Of Bullpens and Contracts

What the devil is going on in MLB bullpens this month?
Over the past few weeks, we’ve seen three different GM’s spend a total of $111 million dollars on four individual free agents, all four RP’s. The average annual salary of those four pitchers combined is $7.1 million. By all means, sit back for a moment and ponder those numbers.
Four relief pitchers will be making, over the lives of their respective contracts, more total money than 28 teams did last season. Billy Wagner, an admittedly dominant reliever out of the classic flamethrowing mold, has been guaranteed 4 years, at $11 million per year; there are only two players on the Boston Red Sox that will make more than him in 2006, and one of them might not even be on the team come opening day. Wagner, at least, had one of the five best RP seasons in MLB this year, at least by VORP; BJ Ryan – while a very good reliever – had a lower VORP than 13 other relievers in 2005; nevertheless, he landed a 5 year contract worth $47 million dollars, which represents the highest total contract ever given to a reliever. One of those 13 RP’s with a lower VORP? Boston’s own Mike Timlin, who quietly resigned with the club this offseason for a fraction of Ryan’s new paycheck). And then… then we have the Cubs. The Cubs this season (and next season) will be spending $8 million on two middle relievers, one of whom had his first good season in years last year, while the other had his first good season… ever. Bobby Howry and Scott Eyre have signed contracts offered of Jim Hendry’s own free will and volition that total 5 years and 20 million dollars.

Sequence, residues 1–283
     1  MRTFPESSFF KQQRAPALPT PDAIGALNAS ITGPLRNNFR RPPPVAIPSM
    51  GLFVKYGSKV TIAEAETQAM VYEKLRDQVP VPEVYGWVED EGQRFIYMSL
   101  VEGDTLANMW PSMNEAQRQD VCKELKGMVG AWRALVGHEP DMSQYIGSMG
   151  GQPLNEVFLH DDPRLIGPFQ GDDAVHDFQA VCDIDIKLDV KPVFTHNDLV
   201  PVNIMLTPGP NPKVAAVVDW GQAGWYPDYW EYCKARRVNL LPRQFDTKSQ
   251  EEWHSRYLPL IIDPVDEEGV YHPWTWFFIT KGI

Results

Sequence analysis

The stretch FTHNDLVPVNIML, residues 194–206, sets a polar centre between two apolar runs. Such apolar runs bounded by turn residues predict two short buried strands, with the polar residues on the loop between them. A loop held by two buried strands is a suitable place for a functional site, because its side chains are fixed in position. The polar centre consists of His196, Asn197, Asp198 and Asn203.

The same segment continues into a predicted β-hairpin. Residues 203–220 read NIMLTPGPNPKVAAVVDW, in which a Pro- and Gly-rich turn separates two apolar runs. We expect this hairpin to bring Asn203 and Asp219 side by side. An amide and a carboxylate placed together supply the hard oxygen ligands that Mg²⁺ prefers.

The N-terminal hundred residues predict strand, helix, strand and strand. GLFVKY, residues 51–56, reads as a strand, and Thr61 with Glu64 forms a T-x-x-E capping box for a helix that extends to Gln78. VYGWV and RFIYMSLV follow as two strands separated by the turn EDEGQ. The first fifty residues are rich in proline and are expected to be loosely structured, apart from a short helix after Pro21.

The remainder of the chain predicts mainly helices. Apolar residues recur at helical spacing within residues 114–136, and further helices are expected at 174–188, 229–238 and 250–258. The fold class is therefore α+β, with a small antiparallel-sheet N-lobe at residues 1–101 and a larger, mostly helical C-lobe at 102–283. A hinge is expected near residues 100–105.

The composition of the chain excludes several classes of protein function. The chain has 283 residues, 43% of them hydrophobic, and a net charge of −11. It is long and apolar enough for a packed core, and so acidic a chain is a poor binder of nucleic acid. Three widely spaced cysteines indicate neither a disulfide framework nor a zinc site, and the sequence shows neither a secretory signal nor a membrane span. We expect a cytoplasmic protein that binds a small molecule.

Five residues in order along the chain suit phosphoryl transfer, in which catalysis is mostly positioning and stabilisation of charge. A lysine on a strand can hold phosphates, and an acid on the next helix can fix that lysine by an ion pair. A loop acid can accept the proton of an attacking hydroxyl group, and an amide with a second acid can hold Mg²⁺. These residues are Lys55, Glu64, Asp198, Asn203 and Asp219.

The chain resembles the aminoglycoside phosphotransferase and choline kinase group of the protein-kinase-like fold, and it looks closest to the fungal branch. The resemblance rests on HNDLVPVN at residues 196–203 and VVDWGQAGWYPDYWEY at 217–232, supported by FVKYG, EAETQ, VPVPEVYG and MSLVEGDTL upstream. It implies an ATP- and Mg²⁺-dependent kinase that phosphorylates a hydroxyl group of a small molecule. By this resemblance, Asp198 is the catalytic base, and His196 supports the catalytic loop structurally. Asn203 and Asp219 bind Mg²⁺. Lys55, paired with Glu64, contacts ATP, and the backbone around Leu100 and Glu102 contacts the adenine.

I guess on some level, this is an object lesson in market pressure; despite the fact that – only a couple years ago – we were amazed at the depression of the market, here it comes again, looking as bullish as the one that set records between 1999 and 2001. If BJ Ryan can get five years, what can AJ Burnett – younger, better, and a starter – get? If Billy Wagner, who at his best will contribute to 70 innings this year, can make $11 million a year, what does that make Paul Konerko worth? If reports are true, and the Toronto Blue Jays have offered Brian Giles 5 years at $55 million – yes, the Toronto Blue Jays, who have been wallowing in payroll obliviion for years – are we suddenly back to the days where great players become kings for life (or at least until they’re 40)?
If the Jays sign Giles to that contract – and I have difficulty believing that Giles would turn it down – We could look back on the 2005-2006 offseason as we did those turn of the century years; except now, playing the role of the Red Sox, Yankees, Rockies and Rangers, we have the Blue Jays and the Mets, and instead of impact offensive stars, we get relievers. Supply and demand meets a third axis of capital in means; a low supply and high flexibility produces the kind of contracts we thought we’d seen the end of, as GM’s scan the barren FA landscape and come to the conclusion that overspending – recently out of style – has come roaring back.

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